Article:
Urucu gas fields and pipeline region has been categorized by conservation organizations as being of the "highest priority for biodiversity conservation" in Brazil. Some areas in the project's zone of influence, such as the Abufari Biological Reserve, have protected status, which could create legal and permitting liabilities for the proposed project. The route's zone of influence would also impact over a dozen legally recognized (or in the process of being recognized) indigenous territories, such as the Jacareuba/ Kataxixi Reserve.
The existing Urucu-Coari pipeline has had devastating social impacts on the town of Coari. Extensive migration provoked substantial increases in drug trafficking, violent crime, child prostitution and sexually transmitted diseases such as AIDS. Therefore, some Brazilian groups and the Catholic Church oppose the new pipeline project and propose meeting projected power needs in Amazonas and Acre through alternatives such as importing relatively cheap energy from the excess capacity from the Guri dam in Venezuela.

The Environmental Impact Assessment (EIA) for the Urucu-Porto Velho pipeline was submitted in July 2001 and has yet to be approved. However, preliminary studies have lambasted it. Critics call into question the independence of the assessment arguing that the environmental agency CEPEMAR worked in conjunction with GASPETRO and under the direct control of Petrobras. They point out that CEPEMAR spent only 14 days studying small sections of the pipeline route making serious scientific analysis of the physical and biological environment impossible and ruling out any accurate prognosis of future impacts on the region.
Initial studies of the EIA also found that it does not identify most potential socio-economic impacts and associated mitigating measures. The participation of civil society organizations in project implementation and monitoring is not foreseen. Areas of project influence are limited and poorly defined and the worst impacts facing the indigenous population are not considered.
The Brazilian NGO Pastoral Land Commission (CPT) joined local and international NGOs (including Friends of the Earth) in arguing that the license should not be granted because Petrobras failed to inform local communities about the negative impacts of the pipeline on their lives. The original public hearings held as part of the EIA process were ineffective, as local opinion was not incorporated into the decision-making process. Furthermore, a limited period of time was initially allotted for public review of the EIA.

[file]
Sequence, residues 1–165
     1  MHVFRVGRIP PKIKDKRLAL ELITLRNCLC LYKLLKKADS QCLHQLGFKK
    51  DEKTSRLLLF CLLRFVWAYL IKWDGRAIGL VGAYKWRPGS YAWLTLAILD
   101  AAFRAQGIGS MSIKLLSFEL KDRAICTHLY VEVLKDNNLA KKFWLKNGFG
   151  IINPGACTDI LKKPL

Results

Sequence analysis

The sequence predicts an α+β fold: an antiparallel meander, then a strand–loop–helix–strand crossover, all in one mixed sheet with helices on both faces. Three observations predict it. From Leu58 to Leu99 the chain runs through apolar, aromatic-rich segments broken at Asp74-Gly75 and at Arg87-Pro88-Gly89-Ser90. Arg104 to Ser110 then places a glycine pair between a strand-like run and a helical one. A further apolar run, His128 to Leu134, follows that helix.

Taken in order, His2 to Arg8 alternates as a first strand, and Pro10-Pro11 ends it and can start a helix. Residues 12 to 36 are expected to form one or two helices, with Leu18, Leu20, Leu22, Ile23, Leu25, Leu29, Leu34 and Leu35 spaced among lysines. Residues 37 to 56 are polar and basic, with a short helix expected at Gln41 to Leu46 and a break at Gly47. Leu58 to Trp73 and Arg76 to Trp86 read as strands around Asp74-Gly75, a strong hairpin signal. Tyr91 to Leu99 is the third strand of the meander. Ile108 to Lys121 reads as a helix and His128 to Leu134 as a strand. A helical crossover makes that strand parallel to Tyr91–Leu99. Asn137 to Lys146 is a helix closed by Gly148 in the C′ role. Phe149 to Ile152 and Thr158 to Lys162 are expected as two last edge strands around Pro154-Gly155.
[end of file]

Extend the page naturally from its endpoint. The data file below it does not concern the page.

In November 2001, the federal environmental agency IBAMA ordered a halt to public hearings to discuss the pipeline EIA because of the lack of adequate public consultation. The Amazonas State Environmental Body, Ipaam (Institute of Amazonian Environmental Protection), also voiced strong concerns about the potential negative economic, social and environmental impacts and argued that the pipeline represents an unsustainable and irrational use of natural resources. The public hearings process was postponed until March 2002.

The postponed public hearing held in February and March 2002 provoked an outpouring of local concern about the Urucu-Porto Velho pipeline project.
CUNPIR, an indigenous organization representing 50 indigenous peoples living in the vast border area of the states of Rondonia, Mato Grosso and Amazonas, expressed alarm about potential impacts on peoples living in voluntary isolation such as the Deni, Rimarima, Paumari, Catawixi, Juma and Apurin_œ. These peoples have a semi-nomadic lifestyle and depend entirely on forest resources for their survival.
The Organization of Indigenous Peoples of the Middle Purus (OPIMP) affirmed that indigenous peoples of the region are preoccupied about the impacts of the project, particularly on the isolated Katawixi group, who occupy an area five kilometers from the proposed route of the pipeline.
The gas pipeline places the physical subsistence and cultural integrity of indigenous peoples at risk. The invasion of their lands by migrants and depletion of their natural resource base will provoke changes in customs. Men will be obliged to leave their villages to work for the company as fishermen, hunters and gatherers to provide food. The spread of disease and the disintegration of village life appear to be inevitable. The presence of a large contingent of company workers, who will also take local food resources will add to social conflict. The stability of fish stocks was also identified as the principal concern of representatives of other river dwellers. Violence associated with land grabbing and speculation is also a major fear.
A local mayor and a bishop raised the issue of the expected increases in violence, child prostitution and alcohol and drug problems. The mayor demanded that Petrobras introduce measures to mitigate the negative impacts of the project.
At a hearing in the town of Tapaua, Petrobras clarified that there would be few employment vacancies generated by the project for local peoples and that jobs would be for a limited period, thus dashing the hopes of the majority of the population of Tapaua who had expected work opportunities.
The Pastoral Land Commission (CPT) questioned Petrobras attitudes towards democratic debate pointing out that days before each hearing the company had approached local authorities to offer compensation packages. CPT accused Petrobras of attempting to influence local officials' input to the hearings.